Anyone with a creative mind knows it doesn’t take much to get the brain cells stimulated, especially when a challenge comes their way. I’m in my happy place when writing a Crime/Action/Suspense novel. This is my passion. I blossom on the inside when concocting sinister plots and unsuspecting victims. I love brainstorming ideas. All it takes to get me started is a word, a sentence, or an observation, and the rest is history. There are many paths to take when creating a storyline, and it isn’t unusual for me to rattle my keyboard for 10+ hours a day, depending on interruptions, seven days a week, to keep a story rolling along.
Mystery movies, and authors like Agatha Christie and Alfred Hitchcock have always intrigued and inspired me and, to this day, I analyse movies in my head for many hours after watching them. I like to know the how-to’s of a supposed crime that has been committed, and fully expect my audience to do the same when reading the twists and turns in my novels. It’s challenging to make sure that no stone has been left unturned when piecing a puzzle together, but very rewarding.
My initial plan when writing a crime fiction novel is to jot down all relevant plot points in note form before drafting a manuscript on my laptop computer. I need to see where the scenes will take me; what action will be required; who will be doing what to whom, and timelines for the crimes being carried out. I often turn to the internet and study all sorts of techniques for fighting, as well as medical procedures, and for anything that’s a bit different to normality that could enhance my story. We all have life experiences, and accomplishments, and there are times when I draw upon my own. Then I know it’s believable. There are also many little things in life that have no real consequence to anything, and these can work wonders like when the freezer starts making ice-cubes at 2am in the morning! The mind can boggle as to what the sound is if you have never heard it before. It always pays to keep your eyes and ears open for those little gems.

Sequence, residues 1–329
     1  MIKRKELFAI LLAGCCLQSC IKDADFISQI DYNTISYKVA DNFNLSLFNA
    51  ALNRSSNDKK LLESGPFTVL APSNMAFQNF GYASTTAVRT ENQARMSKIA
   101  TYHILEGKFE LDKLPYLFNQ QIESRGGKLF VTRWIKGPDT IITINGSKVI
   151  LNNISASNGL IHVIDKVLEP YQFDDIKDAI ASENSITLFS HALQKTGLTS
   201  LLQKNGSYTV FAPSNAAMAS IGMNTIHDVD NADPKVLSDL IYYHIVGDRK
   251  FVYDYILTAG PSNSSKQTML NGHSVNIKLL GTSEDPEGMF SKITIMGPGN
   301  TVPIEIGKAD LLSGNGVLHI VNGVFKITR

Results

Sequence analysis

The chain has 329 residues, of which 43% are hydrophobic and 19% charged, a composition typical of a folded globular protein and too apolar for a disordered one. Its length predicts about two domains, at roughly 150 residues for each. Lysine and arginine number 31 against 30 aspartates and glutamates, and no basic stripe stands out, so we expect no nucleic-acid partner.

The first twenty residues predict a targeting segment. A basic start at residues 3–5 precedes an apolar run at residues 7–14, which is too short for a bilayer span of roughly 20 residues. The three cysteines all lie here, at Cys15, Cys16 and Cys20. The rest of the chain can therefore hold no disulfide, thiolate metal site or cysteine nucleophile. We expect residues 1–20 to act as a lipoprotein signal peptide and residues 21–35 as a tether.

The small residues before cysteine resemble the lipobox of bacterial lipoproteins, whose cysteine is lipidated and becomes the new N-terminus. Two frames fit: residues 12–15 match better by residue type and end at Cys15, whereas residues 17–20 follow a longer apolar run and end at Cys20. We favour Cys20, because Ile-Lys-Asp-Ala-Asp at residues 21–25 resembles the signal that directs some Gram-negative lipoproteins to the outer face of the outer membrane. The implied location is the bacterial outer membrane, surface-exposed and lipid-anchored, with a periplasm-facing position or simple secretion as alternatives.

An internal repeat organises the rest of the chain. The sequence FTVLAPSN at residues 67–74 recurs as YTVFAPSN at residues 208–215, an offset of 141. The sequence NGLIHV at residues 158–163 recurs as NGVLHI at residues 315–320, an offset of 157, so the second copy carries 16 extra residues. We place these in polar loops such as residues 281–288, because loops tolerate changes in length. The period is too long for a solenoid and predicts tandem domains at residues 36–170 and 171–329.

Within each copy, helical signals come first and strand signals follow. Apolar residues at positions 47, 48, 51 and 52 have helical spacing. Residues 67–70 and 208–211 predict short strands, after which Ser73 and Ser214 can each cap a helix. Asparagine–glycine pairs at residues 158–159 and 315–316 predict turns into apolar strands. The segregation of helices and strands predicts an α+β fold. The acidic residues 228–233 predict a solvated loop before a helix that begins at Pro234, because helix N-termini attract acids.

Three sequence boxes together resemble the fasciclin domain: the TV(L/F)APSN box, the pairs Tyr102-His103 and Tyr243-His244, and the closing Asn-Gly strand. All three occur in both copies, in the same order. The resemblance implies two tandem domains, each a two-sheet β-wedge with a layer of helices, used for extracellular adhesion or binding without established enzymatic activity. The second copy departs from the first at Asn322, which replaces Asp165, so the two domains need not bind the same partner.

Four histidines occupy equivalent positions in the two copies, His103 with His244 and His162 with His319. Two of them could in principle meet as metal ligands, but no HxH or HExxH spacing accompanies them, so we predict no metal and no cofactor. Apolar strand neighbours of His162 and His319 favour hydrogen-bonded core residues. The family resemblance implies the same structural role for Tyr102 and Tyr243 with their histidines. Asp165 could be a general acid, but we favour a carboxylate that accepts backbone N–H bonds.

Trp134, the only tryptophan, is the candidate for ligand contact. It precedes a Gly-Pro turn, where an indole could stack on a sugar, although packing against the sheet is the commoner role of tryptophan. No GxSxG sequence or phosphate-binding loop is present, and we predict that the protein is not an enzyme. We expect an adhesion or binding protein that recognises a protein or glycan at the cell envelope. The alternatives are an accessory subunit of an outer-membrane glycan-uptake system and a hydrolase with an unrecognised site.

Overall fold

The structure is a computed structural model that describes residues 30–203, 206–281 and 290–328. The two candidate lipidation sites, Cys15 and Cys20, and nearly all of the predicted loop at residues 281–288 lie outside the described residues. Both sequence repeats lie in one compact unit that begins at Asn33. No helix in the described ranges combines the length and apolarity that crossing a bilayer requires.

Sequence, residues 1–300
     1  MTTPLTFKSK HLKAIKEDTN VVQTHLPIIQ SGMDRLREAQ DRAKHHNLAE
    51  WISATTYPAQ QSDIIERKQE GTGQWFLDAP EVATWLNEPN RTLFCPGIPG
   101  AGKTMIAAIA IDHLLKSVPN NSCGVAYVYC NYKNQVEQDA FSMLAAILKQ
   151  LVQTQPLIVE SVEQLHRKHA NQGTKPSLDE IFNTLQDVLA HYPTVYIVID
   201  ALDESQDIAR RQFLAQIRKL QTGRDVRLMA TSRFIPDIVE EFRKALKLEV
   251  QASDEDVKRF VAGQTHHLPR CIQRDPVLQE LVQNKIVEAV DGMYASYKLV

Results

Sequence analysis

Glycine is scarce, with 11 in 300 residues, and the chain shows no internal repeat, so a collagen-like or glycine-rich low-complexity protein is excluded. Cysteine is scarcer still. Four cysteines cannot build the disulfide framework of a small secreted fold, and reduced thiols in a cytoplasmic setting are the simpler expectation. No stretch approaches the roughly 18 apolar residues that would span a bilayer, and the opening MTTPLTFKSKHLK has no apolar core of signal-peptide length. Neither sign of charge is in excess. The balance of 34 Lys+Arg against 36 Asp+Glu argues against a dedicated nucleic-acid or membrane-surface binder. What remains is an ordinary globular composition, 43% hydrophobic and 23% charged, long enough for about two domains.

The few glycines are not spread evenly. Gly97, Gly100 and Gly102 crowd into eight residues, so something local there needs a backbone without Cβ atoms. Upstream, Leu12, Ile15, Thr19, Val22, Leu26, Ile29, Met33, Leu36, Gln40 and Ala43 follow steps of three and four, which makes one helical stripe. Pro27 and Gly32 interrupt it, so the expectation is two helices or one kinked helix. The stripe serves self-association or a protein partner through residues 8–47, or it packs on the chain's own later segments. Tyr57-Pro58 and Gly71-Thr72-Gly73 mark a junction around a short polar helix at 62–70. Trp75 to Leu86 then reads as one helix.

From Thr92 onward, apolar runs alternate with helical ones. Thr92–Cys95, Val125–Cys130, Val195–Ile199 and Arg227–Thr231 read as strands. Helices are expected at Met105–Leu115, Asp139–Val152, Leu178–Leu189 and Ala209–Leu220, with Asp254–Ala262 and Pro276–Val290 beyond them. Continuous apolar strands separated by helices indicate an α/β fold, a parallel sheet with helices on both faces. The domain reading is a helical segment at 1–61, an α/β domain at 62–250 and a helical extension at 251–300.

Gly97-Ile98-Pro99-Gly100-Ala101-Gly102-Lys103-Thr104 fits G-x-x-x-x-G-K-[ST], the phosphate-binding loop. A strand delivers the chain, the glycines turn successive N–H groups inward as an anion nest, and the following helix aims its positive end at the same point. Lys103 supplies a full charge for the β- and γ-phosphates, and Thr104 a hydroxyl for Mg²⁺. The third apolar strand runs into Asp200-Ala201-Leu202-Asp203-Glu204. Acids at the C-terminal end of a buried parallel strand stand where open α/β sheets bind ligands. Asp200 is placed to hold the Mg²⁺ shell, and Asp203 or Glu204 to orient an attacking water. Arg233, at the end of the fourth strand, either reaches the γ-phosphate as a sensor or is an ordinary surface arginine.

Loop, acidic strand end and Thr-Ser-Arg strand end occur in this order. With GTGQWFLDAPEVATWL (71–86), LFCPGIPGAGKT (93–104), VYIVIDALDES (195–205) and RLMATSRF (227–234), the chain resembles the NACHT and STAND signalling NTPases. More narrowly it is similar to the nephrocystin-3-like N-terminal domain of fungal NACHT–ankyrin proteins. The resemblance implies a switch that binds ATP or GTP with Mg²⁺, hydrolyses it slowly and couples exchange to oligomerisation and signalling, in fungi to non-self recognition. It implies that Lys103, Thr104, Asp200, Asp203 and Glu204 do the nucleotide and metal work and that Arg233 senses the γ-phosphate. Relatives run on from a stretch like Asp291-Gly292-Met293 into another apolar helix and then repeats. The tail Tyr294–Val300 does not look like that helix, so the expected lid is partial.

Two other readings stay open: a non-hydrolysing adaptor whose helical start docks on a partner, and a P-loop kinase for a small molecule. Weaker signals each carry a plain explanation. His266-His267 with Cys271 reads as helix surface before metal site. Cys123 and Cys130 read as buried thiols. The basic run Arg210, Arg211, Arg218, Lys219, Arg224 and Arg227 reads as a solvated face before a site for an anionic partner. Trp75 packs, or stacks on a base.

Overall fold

For me, there is no rule of thumb when it comes to writing. I go wherever the characters take me, and sometimes it’s a surprise, and even more so when you run with a new idea. Characters all have a purpose, and their traits have to ring true with who they are, whether they are a drug dealer, an informant, or just a regular person walking along the street. I want these people to be remembered, to appear real, just like you and I.
And you can’t have a crime/action/suspense story without weapons. There’s nothing like getting first-hand experience with a shotgun, feeling the recoil on your shoulder, and hearing it discharge. It’s very different to what you see on television, and gives you a new perspective and appreciation when describing a scene with someone being shot. The same goes for fighting. I love boxing, and have a martial arts background, and sometimes it can be mentally draining, working out a series of fight sequences that aren’t the same as the ones I’ve done before.
Short sentences create suspense and anticipation, and I employ them whenever there is confrontation, which is typically every other page in my novels. My goal is to engage every one of my reader’s emotions all the way to the end.
I tend to model some of the traits of my leading lady on myself, knowing what it feels like to step out of my comfort zone, and be able to multitask when under pressure. As for the male roles, I picture well-known movie actors taking on the challenge, and try to think how they would respond in a tense, or loving situation. And the sky is the limit.
In the early days of my career, I focused on writing romance, but now I am really glad to have made the transition to writing crime/action/suspense. It is so fulfilling, and liberating to be someone on paper that you aren’t in real life.